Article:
It is not ALL terrible thoughts and anxiety. Of course I’m delighted to be pregnant and there are times when I happily play out stories in my mind, feeding my baby and bathing them, all the things I imagined doing with Winter, but the truth is that every grand daydream is chased by a nervous ‘what if’ and every ‘we will’ is replaced by a cautious ‘we hope’. I want people to know that I am excited, grateful and happy, but I’m also frightened, I can’t commit to saying ‘I’m having a baby’ and instead ‘I hope to bring this baby home’ will have to suffice for now.
2. Preparing for the new baby can be a big hurdle.
I recognise that this varies from person to person. For me, I have had to work on my feelings of ‘jinxing’ this pregnancy. Of course on a sane level it is clear that buying a babygrow does not kill your unborn baby, but it’s a funny ideology that creeps into your mind post baby loss. There’s the fear that investing in this pregnancy too much will somehow end it. During my pregnancy with Winter I was active, I prepared no end and framed his scan photo, but then he died. The first pregnancy after Winter was here and gone in the blink of an eye. The second pregnancy afterwards I declined a scan photo and decided to prepare nothing, I lay as still as a stone on the sofa begging my baby to stay with me, but I miscarried anyway. Through these experiences I realise that nothing will decide the fate of my baby other than life itself, and although I feel at times like I’ve made peace with this idea and have the brave intention to begin preparations, I still struggle with the idea of buying baby things ‘just in case’. A constant hop between courage and caution. I’m forever working on embracing this pregnancy, because I want to have bump photos and memories – whether this baby lives or dies – but I want people to know that it is not quite as effortless as it was before. I want people to understand why I am holding back and I want them to be gentle with my decisions.
3. It does not lessen my grief for Winter, nor will this baby replace him.
Ok, if I’m honest it has made my grief easier to bear, because now I have a positive focus in my life alongside the pain that comes with endlessly missing your baby, but it has not lessened my grief. I’m not magically cured by the grief fairies. This baby is not and never will be a replacement of Winter, they are an addition to our family in their own right. I will always include Winter in my headcount of offspring because I grew and birthed him and he does not cease to be my child even when separated by death. Being pregnant again has heightened my grief in many ways. I’m very aware of the fact that if this baby is healthy and lives, then at 2 days old we will have already spent longer with them physically than we ever did with Winter, and that really hurts. I’m pretty certain these days that there is no way I will ever fully recover from my child dying in my arms, from arranging his funeral, collecting his ashes, reading his post mortem report. These are things that will stay with me forever, whether my arms are filled again or not. I want people to know that this new pregnancy brings with it fresh hope and happy milestones amongst our painful ones, but it doesn’t stop me longing for my son. I want people to know that watching my belly and baby grow will forever be bittersweet for me.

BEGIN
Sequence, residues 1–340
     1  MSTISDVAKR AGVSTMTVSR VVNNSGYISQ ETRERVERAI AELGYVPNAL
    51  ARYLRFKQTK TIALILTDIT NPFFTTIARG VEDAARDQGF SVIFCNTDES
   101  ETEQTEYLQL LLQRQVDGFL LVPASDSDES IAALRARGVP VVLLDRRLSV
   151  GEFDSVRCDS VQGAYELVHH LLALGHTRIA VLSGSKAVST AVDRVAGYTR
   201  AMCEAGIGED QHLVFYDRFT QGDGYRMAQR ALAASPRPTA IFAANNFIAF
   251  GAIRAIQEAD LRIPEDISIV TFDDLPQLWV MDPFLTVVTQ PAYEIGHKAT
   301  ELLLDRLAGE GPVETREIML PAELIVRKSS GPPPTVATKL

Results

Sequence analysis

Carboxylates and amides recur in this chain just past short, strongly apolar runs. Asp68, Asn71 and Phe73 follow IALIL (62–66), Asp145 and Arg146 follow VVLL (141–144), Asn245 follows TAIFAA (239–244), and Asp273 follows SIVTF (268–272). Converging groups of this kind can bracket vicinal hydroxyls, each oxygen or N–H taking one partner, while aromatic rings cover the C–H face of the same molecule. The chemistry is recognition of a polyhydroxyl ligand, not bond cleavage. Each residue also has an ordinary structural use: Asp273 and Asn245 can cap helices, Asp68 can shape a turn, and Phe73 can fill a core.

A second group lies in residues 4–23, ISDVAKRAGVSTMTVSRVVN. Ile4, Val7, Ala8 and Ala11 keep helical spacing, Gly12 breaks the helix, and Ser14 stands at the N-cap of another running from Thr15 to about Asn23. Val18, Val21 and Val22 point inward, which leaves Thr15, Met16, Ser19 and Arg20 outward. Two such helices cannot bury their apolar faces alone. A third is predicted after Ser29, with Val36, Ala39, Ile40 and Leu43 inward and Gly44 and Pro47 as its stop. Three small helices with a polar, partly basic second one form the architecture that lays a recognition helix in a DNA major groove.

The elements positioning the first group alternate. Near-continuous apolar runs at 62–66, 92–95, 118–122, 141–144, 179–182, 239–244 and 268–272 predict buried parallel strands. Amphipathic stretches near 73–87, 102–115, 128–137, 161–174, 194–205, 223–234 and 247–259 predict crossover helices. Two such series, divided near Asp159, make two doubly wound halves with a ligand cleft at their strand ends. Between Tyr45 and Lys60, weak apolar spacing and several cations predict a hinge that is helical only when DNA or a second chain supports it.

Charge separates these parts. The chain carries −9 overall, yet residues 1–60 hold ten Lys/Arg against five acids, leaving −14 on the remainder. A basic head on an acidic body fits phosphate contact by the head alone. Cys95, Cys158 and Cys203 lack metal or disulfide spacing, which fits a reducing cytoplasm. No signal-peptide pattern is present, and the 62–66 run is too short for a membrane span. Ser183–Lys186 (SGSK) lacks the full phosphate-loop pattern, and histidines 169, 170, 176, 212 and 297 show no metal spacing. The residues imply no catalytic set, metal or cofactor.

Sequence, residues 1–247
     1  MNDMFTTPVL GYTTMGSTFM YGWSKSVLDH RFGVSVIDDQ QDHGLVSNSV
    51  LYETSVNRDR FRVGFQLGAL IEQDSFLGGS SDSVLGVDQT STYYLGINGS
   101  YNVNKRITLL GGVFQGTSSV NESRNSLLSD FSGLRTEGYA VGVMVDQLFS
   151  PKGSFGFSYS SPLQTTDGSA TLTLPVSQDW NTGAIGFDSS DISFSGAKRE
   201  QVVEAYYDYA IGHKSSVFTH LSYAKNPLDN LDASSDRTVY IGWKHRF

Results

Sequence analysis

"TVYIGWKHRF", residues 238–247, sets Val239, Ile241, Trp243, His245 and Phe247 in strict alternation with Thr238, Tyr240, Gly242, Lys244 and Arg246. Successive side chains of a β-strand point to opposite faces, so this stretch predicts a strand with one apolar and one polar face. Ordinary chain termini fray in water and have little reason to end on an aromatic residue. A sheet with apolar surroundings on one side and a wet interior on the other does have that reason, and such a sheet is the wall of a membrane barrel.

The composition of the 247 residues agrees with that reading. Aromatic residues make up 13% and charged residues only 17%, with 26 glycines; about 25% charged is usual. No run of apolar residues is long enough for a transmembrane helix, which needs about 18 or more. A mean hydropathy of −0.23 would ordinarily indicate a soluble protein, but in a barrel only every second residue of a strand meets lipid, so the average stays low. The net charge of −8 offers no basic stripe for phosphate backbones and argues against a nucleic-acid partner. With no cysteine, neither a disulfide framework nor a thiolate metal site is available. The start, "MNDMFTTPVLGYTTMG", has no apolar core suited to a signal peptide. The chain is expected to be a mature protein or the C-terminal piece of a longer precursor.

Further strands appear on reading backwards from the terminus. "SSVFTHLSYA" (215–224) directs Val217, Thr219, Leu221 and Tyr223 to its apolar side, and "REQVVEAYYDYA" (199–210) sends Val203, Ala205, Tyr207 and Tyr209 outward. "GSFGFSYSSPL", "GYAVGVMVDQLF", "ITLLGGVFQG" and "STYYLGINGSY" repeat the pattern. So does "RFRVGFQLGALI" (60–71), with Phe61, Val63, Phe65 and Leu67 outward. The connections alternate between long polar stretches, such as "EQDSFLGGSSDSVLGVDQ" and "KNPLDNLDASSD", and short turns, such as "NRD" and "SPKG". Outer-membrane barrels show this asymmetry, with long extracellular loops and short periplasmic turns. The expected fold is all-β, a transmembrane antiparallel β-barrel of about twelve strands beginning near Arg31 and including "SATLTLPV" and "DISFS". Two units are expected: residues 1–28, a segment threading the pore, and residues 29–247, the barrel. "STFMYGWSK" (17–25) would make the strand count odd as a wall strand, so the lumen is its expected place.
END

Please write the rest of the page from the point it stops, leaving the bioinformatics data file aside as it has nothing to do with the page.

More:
It goes without saying that I am enormously grateful for this pregnancy and I cherish every single moment I have. For over a year I wished to fill my womb again with a growing baby, and I know I am lucky to have this chance. But it is still hard, there’s no doubt about it, and it is an experience I woefully underestimated mentally. Pregnancy After Loss is an absolute blessing, but I wonder if sometimes in a world of infant loss and trying to conceive, loss mothers feel uneasy about sharing their difficult PAL journey at a risk of sounding as though they are ungrateful or complaining. This is why it’s important to share our reality and be gentle with each other, and gain the support we need from loved ones and our hospital teams.
PAL is the hardest thing I’ve ever done, bar losing Winter of course, but I’m just hopeful it will be worth it in the end.